Supplier News Breaks Archives
Orexo rolls out Zubsolv to pharmacies
September 17th, 2013
NEW YORK – Providing another option for people addicted to painkillers, Orexo U.S. Inc. has released Zubsolv sublingual tablets to U.S. pharmacies.
The company said Monday that the launch of Zubsolv (buprenorphine and naloxone, CIII) follows Food and Drug Administration approval of the medication, which dissolves under the tongue, in July.
Indicated for the maintenance treatment of opioid dependence, Zubsolv is intended to be used as part of a comprehensive treatment plan that includes counseling and psychosocial support.
Orexo pointed out that the higher bioavailability of Zubsolv enables the administration of a lower dose of buprenorphine, which in combination with the naloxone component reduces the amount of available drug as well as the likelihood of potential misuse and diversion.
In addition, the company said, Zubsolv is the only opioid dependence treatment available today in the highest level of child-resistant packaging (F1). Each Zubsolv tablet comes in individual unit-dose blister packages.
"Orexo is committed to advance the treatment for patients suffering from opioid dependence. Zubsolv was specifically designed to address many of the unmet needs expressed by patients being treated for opioid dependence," stated Robert DeLuca, president of Orexo U.S. "In an open-label, crossover study in 28 subjects, we found that 96% preferred the menthol taste of Zubsolv over the most commonly prescribed formulation of buprenorphine/naloxone."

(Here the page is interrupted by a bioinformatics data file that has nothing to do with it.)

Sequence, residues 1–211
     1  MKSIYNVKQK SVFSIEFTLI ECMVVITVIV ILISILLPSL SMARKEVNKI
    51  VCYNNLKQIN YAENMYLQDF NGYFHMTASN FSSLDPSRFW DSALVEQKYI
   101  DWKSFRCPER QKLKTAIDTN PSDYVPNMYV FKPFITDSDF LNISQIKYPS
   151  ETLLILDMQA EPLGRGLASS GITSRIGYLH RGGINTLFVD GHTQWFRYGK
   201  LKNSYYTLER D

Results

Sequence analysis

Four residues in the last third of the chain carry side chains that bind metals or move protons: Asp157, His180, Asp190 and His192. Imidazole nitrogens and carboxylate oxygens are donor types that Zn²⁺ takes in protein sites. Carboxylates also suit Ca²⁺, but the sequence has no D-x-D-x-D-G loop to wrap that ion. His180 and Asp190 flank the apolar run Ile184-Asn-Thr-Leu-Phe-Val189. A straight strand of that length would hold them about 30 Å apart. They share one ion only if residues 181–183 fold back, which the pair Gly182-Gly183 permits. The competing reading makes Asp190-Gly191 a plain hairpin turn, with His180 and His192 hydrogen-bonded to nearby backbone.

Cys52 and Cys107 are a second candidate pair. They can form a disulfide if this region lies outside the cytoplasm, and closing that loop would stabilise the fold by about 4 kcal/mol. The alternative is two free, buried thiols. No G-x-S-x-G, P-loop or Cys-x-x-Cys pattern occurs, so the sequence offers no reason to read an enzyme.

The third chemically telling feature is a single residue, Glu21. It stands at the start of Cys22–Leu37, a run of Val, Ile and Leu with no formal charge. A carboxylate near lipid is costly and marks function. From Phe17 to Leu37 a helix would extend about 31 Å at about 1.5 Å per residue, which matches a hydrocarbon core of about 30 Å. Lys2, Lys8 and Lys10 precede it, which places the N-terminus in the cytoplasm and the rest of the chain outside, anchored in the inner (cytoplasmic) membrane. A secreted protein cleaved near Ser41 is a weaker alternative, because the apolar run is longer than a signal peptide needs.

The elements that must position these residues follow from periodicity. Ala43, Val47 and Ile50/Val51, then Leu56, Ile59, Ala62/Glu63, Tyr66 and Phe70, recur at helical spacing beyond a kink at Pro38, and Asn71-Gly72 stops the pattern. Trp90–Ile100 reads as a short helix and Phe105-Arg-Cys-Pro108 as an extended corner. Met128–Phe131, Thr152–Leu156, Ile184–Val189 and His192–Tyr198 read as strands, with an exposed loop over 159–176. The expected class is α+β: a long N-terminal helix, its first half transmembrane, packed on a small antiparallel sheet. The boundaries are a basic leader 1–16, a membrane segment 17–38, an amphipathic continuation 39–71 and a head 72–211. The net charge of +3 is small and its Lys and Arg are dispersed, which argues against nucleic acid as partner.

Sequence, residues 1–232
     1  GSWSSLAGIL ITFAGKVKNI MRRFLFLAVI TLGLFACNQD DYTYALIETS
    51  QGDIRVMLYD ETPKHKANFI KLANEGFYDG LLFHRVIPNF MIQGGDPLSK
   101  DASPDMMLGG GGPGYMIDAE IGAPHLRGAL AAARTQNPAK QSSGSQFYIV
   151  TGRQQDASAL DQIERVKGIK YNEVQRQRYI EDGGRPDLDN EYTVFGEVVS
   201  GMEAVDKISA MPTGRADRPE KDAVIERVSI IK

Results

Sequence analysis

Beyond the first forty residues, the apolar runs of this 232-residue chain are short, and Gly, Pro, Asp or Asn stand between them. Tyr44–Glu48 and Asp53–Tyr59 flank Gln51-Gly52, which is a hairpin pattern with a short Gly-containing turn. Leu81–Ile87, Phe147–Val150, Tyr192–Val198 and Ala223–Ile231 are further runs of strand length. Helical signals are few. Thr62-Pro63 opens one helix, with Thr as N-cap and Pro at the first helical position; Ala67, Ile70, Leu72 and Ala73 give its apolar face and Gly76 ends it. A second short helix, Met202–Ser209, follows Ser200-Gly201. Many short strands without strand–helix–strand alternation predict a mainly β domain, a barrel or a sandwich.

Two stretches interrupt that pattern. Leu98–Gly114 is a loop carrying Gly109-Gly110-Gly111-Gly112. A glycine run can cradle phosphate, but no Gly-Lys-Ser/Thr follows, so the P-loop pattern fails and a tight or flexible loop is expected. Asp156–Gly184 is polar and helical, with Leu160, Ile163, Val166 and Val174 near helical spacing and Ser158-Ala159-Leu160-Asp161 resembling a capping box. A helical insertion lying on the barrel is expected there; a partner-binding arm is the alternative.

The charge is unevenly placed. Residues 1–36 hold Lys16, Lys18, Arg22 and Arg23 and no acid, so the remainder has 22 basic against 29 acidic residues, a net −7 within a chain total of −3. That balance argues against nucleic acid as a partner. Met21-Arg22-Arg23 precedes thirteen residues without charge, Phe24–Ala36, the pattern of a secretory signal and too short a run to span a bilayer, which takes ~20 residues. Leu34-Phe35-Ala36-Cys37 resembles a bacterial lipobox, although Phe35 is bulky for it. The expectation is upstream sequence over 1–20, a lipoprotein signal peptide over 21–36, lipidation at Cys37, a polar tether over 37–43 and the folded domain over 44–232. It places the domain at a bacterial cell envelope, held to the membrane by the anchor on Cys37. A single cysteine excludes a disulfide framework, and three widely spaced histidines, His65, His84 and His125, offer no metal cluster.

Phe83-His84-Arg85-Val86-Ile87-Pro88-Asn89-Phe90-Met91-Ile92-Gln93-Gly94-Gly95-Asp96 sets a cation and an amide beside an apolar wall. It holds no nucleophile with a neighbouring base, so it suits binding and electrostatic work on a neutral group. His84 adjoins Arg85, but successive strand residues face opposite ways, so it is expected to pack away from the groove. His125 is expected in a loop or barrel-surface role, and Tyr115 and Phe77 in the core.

Along with the commercial launch of Zubsolv, Orexo has kicked off the Time and Taste Challenge, inviting patients and prescribers to register to receive demonstration placebo tablets to experience the taste and dissolve time for the new advanced formulation of the medication.
Orexo also has introduced RISE, a 24/7, real-time, customizable support program for patients in recovery. The HIPPA-compliant program provides information about opioid dependence and resources to foster interaction between patients and their mentor network, which may also include their doctor and counselor. The program is mobile-enabled, allowing for anytime, anywhere access.
A chronic relapsing disorder that can develop from legitimate use or misuse of controlled substances, opioid dependence takes a big toll on the U.S. economy, with about $56 billion spent on the condition per year, according to a study cited by Orexo. The average health care cost per opioid-dependent patient is eight times higher. Almost 17,000 people die from opioid pain relievers in the United States each year.